Have you ever heard the lines: “Listen my children, and you shall hear; Of the midnight ride of Paul Revere/ On the eighteenth of April, in Seventy-Five/Hardly a man is now alive/Who remembers that famous day and year?”
These lines make up the opening stanza of Henry Wadsworth Longfellow’s “The Landlord’s Tale,” a poem in his 1863 compilation Tales of a Wayside Inn.”
The Howe Inn and Tavern of Sudbury, Massachusetts served as the inspiration for Longfellow’s tales. Today, you can visit and eat dinner at Howe’s Inn and Tavern, but we know it by a different name: Today we know it as Longfellow’s Wayside Inn.
In this bonus episode, we explore a listener requested topic of colonial inns and taverns by investigating the history of the oldest inn still in operation: Longfellow’s Wayside Inn.
About the Show
Ben Franklin’s World is a podcast about early American history.
It is a show for people who love history and for those who want to know more about the historical people and events that have impacted and shaped our present-day world.
Each episode features a conversation with an historian who helps us shed light on important people and events in early American history.
In this bonus episode, we explore the history of Longfellow’s Wayside Inn, which began in 1716 as Howe’s Inn and Tavern. Leading us on our investigation is Richard Gnatowski and Steve Pickford.
Steve once served as the Executive Chef and Director of Food and Beverage for the Wayside Inn, today he serves as its ninth innkeeper.
Although these gentlemen are not professional historians, they happen to know a lot about this very special place.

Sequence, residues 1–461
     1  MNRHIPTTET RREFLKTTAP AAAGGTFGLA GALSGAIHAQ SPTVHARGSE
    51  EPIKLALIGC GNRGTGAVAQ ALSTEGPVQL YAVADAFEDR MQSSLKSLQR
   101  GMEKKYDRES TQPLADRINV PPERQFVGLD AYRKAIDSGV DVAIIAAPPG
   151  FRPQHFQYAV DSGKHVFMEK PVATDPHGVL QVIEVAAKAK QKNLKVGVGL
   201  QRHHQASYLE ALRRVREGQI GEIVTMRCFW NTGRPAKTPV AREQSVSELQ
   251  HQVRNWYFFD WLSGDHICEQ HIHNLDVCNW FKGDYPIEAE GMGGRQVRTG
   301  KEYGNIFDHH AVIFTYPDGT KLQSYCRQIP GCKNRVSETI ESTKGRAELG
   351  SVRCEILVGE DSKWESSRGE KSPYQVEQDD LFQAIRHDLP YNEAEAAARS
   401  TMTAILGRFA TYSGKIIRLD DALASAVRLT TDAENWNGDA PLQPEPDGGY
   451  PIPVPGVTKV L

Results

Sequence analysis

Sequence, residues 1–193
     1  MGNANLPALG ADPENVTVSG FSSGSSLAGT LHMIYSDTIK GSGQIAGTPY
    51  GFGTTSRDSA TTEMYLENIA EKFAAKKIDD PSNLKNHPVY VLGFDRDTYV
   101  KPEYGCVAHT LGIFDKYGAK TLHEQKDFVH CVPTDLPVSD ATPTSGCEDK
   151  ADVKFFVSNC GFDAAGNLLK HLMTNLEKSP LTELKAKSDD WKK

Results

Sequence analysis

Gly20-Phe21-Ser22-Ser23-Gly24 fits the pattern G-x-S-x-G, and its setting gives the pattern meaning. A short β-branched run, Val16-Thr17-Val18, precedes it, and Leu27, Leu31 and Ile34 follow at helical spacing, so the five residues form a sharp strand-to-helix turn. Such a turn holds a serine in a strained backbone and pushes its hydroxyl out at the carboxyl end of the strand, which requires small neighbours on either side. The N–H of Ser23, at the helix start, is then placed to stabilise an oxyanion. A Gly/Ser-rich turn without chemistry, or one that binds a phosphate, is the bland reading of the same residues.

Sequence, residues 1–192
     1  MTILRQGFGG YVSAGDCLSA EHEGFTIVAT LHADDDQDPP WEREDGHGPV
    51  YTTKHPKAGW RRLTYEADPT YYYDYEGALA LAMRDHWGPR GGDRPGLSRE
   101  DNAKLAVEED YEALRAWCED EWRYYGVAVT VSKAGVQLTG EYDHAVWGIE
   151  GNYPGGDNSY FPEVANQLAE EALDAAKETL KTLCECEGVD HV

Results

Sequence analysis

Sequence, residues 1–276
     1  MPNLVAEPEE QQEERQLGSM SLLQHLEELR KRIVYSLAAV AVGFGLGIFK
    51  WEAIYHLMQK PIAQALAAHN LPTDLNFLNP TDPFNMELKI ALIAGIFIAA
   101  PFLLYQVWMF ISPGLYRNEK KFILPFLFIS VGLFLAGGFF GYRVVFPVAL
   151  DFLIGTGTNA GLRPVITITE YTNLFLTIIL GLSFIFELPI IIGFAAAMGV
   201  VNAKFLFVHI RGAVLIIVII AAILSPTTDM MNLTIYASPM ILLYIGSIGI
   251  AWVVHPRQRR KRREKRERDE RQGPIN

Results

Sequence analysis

During our conversation, Richard and Steve reveal the history of Howe’s Inn and Tavern and the role it played during the American Revolution; what types of food and accommodations colonial travelers could expect to find at a wayside inn and tavern; and the roles played by Henry Wadsworth Longfellow, Henry Ford, and present-day visitors in preserving this historic site.
What You’ll Discover
- Overview of how the Wayside Inn started as Howe’s Inn and Tavern in 1716
- Information about the old Boston Post Road
- Accommodations provided by the Inn between 1716 and the present day
- New Englanders' preference for the ox over the horse
- The role the Wayside Inn and its owners played in the American Revolution
- Why early Americans slept 2 or more to a bed in a tavern or inn, even if they did not know each other
- The types of food and drink the Howes served to their guests
- Details about early American ice harvests and how early Americans used ice to preserve food
- What food items Steve and Richard recommend at the Wayside Inn today
- Different Early American cocktails you can try at the Wayside Inn
- Why Howe’s Tavern became Longfellow’s Wayside Inn
- The buildings, sites, and nature you will see when you visit the Wayside Inn
Links to People, Places, and Publications
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